Although heat appears to make learning more difficult, most people likely don’t notice, Joseph Allen, one of the researchers, told NPR. “I think it's a little bit akin to the frog in the boiling water,” he said. “There’s a slow, steady—largely imperceptible—rise in temperature, and you don’t realize it’s having an impact on you.” —J.B.
With 67 moons, Jupiter already has more satellites than any other planet in the solar system, and now scientists have found a dozen more. Nine of the newly discovered moons inhabit part of an outer swarm that orbits in retrograde, the direction opposite Jupiter’s rotation. Two others are part of an inner group of moons that orbits in prograde, the same direction as the planet spins.
But the 12th moon, only 1 kilometer in diameter, is an atypical little sphere. Astronomers call it an oddball because it orbits in the opposite direction of its neighbors. “This moon is going down the highway the wrong way,” Scott Sheppard, the team’s lead astronomer, said in a statement.
The oddball orbits prograde but hangs out with the retrograde crowd, putting it on a possible collision course with other moons. “This is an unstable situation,” Sheppard said. “Head-on collisions would quickly break apart and grind the objects down to dust.” —J.B.
The recent development of small satellites, often no bigger than a shoebox but more technologically capable and cheaper to launch than their older counterparts, has created a $339 billion global market. These tiny spacecraft offer a variety of functions such as communications and weather monitoring. Now the United Kingdom is jumping into that part of the space race. The U.K. Space Agency just announced Sutherland, Scotland, will be the site of the country’s first Spaceport, The Verge reported.
The agency selected Sutherland because of its location on the coast in a sparsely populated area, where it can launch rockets into the preferred orbital path above the Arctic Circle. It plans the first rocket launch for the early 2020s.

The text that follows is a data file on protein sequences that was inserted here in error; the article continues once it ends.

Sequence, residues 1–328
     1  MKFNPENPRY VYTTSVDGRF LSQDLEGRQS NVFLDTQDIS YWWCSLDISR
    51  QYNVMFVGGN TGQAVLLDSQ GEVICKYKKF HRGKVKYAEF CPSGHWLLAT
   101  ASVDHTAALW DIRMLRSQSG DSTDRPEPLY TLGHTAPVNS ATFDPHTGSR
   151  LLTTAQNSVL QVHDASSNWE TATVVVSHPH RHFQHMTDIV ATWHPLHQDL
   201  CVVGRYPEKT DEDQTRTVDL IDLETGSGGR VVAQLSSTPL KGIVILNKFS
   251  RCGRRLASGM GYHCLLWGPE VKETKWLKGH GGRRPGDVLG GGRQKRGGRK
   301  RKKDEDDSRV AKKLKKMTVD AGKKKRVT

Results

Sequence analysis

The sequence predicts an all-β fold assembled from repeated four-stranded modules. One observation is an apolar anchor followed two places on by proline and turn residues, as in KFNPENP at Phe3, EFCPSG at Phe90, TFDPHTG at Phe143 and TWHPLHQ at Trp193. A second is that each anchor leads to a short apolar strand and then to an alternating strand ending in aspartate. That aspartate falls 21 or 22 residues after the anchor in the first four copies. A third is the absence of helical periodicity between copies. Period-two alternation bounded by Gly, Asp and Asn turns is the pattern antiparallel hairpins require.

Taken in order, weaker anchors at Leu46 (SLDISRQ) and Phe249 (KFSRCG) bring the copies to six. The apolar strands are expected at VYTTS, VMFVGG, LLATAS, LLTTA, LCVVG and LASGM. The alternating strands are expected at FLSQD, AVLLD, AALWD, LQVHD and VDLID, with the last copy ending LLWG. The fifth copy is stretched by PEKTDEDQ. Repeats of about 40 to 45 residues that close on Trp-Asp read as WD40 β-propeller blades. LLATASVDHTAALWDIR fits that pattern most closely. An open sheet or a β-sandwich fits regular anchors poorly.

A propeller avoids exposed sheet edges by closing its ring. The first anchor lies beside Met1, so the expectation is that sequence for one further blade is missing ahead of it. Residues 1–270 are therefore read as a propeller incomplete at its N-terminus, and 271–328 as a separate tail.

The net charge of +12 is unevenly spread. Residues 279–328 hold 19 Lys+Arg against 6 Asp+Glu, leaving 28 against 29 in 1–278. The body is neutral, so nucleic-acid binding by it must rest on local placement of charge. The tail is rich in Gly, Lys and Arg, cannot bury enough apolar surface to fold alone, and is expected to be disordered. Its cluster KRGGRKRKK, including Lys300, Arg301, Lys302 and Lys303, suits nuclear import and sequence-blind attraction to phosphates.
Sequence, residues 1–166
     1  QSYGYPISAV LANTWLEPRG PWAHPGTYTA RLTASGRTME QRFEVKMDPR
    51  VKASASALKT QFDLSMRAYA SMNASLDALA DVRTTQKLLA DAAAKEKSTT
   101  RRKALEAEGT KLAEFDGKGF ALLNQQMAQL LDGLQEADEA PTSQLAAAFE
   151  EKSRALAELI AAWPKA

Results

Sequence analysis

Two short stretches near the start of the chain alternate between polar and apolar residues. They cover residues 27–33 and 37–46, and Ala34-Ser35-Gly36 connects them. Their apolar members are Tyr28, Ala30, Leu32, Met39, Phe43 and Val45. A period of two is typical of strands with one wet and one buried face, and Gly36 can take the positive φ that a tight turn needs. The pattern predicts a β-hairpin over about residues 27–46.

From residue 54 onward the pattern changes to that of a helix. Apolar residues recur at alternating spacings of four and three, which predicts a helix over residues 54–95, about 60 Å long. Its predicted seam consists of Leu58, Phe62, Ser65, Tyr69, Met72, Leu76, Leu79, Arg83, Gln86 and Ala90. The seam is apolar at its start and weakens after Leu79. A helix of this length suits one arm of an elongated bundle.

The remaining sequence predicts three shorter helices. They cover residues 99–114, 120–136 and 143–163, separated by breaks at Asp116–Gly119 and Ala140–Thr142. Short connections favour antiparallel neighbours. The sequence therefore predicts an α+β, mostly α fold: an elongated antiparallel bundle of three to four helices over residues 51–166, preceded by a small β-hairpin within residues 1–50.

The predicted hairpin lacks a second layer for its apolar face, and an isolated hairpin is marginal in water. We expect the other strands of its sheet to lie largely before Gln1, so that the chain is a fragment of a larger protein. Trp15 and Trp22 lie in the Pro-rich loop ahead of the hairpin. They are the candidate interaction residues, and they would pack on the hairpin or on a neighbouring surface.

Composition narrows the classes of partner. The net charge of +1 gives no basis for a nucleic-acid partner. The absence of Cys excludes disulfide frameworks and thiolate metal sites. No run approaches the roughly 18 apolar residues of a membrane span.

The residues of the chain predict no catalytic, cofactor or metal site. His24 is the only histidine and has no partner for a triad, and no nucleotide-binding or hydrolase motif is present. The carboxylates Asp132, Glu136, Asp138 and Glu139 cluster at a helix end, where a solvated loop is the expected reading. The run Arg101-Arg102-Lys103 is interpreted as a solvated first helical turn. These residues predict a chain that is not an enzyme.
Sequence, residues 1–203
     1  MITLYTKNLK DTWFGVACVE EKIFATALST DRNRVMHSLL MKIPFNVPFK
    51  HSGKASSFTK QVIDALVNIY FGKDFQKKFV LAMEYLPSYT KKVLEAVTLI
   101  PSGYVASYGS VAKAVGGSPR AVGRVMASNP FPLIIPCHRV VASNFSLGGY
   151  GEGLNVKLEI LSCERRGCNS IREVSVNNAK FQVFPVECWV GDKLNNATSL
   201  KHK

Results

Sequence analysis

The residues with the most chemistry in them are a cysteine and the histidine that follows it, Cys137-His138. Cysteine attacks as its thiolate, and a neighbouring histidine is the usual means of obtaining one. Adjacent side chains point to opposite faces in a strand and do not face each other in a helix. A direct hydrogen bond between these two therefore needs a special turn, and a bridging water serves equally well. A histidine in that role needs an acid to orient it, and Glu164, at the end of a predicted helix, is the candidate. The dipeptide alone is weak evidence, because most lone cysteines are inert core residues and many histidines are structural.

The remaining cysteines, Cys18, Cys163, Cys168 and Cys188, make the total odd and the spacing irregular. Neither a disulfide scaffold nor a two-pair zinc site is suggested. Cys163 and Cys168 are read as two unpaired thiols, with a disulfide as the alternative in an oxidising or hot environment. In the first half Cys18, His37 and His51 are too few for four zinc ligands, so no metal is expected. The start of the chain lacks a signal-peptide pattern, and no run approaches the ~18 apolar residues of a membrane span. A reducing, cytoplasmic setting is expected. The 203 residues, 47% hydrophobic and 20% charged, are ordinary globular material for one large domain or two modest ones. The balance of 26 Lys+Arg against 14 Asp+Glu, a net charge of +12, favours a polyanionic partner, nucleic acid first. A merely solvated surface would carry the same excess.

In the United States, Cape Canaveral in Florida and California’s Vandenbert Air Force Base host commercial spaceports, as does Spaceport America in New Mexico. Alaska Aerospace runs a vertical-only launch site on Kodiak Island and, pending Federal Aviation Administration approval, Colorado plans to build Spaceport Colorado about 30 miles east of Denver. Earlier this month, SpaceX, a private company that manufactures and launches advanced spacecraft, secured approval to build a launch complex in Texas, CBS News reported. —J.B.
It can seem a daunting task to keep the humans in our lives happy, but one day we may need to worry about how our robots feel, too. In recent years, engineers have often tried to design robots that can read and respond to human emotions and in some respects even mimic them.
Researchers at Cornell University just took another step in the development of social robots that can express feelings. Their robot gives nonverbal clues to its emotional state through a grid of texture units under its outer skin, either goosebumps or spikes. These units change shape and patterns depending on the robot’s “mood.” This robot design can “significantly enhance the expressive spectrum of robots for social interaction,” the electronics engineers said in a statement. —J.B.